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Drug resistant-TB patients cured after two years of treatment

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For over two years in Georgia's Samagrelo region, Médecins Sans Frontières (MSF) has been caring for patients suffering from drug resistant tuberculosis.

When this project was opened in November 2006, MSF was the only medical organisation in Georgia providing treatment for such patients. Since then, the ministry of health has opened two other programmes to treat others with resistant forms of TB.

Nine patients finish treatment

TB in its drug resistant form, remains a deadly illness, particularly difficult to treat, notably due to a critical lack of suitable fast diagnostic tests and effective treatments.

In August 2008, the war between Georgia and Russia led to severe concerns concerning the follow-up of patient treatments. However, while the Zugdidi region was bombarded, two-thirds of patients continued to take their treatment daily, which for some meant getting in to the nearest treatment station to their home.

One of the numerous difficult aspects associated with treating this illness is the length of treatment: on average, patients undergo treatment for almost two years. In July 2008, after 20 months of daily medications, the first patient arrived at the end of his treatment protocol. Although it is still too early to officially declare the patient "healed", given the risks of relapsing, just finishing the medication period is in itself an even.

"The patient, a young man, came in one morning", explained Jocelyne Madrilène, head of mission in Georgia. "When we told him we were stopping his treatment and that no future appointments were needed, just a two-monthly follow-up medical check, he couldn't believe it. He came back the next day saying there'd been a mistake, that he was still ill. After two years of daily medicine-taking, patients find it hard to realise that their treatment is finished."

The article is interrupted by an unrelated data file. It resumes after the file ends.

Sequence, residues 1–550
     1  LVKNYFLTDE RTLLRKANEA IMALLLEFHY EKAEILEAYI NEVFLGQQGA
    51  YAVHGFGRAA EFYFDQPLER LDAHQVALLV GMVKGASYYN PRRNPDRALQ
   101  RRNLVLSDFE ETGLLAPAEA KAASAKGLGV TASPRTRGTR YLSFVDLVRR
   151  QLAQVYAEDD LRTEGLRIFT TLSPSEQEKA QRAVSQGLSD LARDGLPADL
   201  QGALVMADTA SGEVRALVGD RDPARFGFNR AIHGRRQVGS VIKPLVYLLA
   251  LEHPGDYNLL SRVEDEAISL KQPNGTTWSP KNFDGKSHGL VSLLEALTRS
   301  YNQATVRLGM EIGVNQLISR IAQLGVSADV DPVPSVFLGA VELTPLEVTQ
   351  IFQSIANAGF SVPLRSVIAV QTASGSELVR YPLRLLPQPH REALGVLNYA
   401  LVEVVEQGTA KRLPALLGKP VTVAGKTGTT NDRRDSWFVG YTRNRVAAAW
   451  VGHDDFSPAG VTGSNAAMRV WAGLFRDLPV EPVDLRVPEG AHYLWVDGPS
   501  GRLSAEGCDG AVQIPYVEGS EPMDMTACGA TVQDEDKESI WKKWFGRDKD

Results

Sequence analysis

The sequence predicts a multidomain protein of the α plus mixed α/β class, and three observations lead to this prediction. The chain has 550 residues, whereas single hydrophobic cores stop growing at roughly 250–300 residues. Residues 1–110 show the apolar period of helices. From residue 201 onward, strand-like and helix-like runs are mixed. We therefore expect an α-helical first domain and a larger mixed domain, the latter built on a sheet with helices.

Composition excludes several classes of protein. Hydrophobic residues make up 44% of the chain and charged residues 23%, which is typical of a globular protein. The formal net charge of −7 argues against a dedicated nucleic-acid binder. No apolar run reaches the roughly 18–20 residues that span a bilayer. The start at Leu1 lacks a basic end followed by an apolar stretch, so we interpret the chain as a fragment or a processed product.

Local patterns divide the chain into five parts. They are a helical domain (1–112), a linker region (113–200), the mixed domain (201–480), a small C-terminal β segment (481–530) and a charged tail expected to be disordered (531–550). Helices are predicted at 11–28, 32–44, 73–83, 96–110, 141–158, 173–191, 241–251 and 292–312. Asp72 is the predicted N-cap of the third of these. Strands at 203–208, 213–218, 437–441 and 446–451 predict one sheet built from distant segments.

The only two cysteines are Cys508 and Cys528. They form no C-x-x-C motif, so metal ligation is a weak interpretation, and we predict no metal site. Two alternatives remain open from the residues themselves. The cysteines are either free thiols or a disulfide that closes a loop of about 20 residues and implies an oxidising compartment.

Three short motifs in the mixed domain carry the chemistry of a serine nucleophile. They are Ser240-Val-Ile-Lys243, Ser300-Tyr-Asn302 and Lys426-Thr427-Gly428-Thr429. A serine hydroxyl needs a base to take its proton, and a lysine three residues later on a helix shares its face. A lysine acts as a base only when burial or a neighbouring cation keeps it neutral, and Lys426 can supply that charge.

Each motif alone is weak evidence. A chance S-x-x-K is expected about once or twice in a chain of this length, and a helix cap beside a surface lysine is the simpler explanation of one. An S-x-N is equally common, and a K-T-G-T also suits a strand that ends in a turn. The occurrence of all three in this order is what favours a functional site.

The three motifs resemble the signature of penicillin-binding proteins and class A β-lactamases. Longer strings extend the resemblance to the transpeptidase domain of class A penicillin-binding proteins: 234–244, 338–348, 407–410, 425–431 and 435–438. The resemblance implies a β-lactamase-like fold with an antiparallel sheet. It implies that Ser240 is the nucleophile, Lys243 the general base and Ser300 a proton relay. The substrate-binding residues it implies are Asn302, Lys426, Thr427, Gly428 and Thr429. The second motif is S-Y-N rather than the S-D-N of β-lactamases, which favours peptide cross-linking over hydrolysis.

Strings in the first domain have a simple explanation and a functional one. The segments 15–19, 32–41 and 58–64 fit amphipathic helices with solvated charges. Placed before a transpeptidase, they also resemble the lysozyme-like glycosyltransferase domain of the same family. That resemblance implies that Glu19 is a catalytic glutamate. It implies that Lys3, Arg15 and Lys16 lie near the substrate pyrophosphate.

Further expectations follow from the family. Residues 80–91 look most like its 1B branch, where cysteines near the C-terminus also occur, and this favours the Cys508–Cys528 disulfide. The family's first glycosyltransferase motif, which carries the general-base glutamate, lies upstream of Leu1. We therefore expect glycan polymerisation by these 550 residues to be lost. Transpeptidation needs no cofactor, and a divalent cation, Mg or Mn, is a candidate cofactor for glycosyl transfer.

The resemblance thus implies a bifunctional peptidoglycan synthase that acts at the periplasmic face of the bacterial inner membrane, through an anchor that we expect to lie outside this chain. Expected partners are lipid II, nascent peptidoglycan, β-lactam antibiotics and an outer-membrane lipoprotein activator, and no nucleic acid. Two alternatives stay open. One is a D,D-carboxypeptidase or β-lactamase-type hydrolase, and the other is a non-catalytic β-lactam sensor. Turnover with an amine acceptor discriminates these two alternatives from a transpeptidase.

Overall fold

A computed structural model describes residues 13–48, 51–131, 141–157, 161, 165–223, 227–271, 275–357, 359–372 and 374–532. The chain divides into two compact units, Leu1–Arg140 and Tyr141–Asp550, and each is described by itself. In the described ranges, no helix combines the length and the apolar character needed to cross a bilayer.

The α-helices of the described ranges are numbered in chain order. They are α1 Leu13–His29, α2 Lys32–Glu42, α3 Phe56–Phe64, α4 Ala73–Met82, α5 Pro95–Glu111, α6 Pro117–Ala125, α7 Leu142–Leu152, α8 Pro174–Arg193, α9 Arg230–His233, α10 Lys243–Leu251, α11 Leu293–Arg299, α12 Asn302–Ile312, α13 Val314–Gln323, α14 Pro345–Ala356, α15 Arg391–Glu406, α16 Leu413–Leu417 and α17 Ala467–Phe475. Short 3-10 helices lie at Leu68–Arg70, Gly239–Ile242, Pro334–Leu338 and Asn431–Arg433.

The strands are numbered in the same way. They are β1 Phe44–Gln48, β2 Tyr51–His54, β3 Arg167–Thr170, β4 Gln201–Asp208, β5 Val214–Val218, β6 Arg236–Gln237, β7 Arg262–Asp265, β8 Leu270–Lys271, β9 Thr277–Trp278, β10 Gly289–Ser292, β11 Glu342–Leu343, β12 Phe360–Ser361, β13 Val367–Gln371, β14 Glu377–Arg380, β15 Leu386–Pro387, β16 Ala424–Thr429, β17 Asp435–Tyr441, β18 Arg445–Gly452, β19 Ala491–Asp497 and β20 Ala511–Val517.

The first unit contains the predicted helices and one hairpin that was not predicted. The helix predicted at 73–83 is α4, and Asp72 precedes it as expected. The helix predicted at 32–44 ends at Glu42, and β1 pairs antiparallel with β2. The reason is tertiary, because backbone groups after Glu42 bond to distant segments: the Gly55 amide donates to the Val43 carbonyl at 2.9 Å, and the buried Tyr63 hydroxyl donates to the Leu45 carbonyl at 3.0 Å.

Officially, a patient can be declared healed two years after the end of treatment. In total, nine patients completed their treatment at the beginning of January, 2009.

"These first recoveries are a very satisfying factor for the 93 patients currently undergoing treatment, and also for all the medical staff. For doctors, nurses and all care staff, it's a daily struggle to ensure that patients retain the strength to continue their treatment", continued Madrilène. "The first patients who came to the end of treatment live in Zugdidi, so they have been coming in quite frequently to the hospital to visit in-patients. They give them tips on how to stay the course, and emphasise the need to continue fighting the illness."

At Zugdidi, 153 patients have been admitted into the programme over the last two years. In that time, 14 patients have died, representing approximately ten percent of all patients. This mortality rate is far lower than on many other programmes aimed at countering drug resistant TB. In treatment, often up to a half of patients starting will stop taking their treatment.

Social and economic support essential in helping patients maintain treatment

Essential to ensuring that patients adhere to the treatment is the social and economic support provided by MSF and Georgia's national TB plan. Often isolated and unable to work, patients need daily support: firewood and clothes in winter, proper nutrition, travel costs.

"Thirty per cent of our patients live below the poverty line. If we didn't help them, they would not follow their treatment correctly and certain of them would probably prefer to quit," said Madrilène.

Once patients return home and continue their treatment as outpatients, MSF undertakes rehabilitation of their homes in order to remove risks of transmission of the illness to those they are living with. These measures, combined with follow-up of each patient, are essential factors in preventing interruption of treatments or programme drop-outs.

Throughout 2008, the Zugdidi programme witnessed an intense admission rate averaging six or seven patients a month. The trend is expected to be confirmed over the coming months. However, by the end of March, around ten more patients are expected to reach the end of their treatment.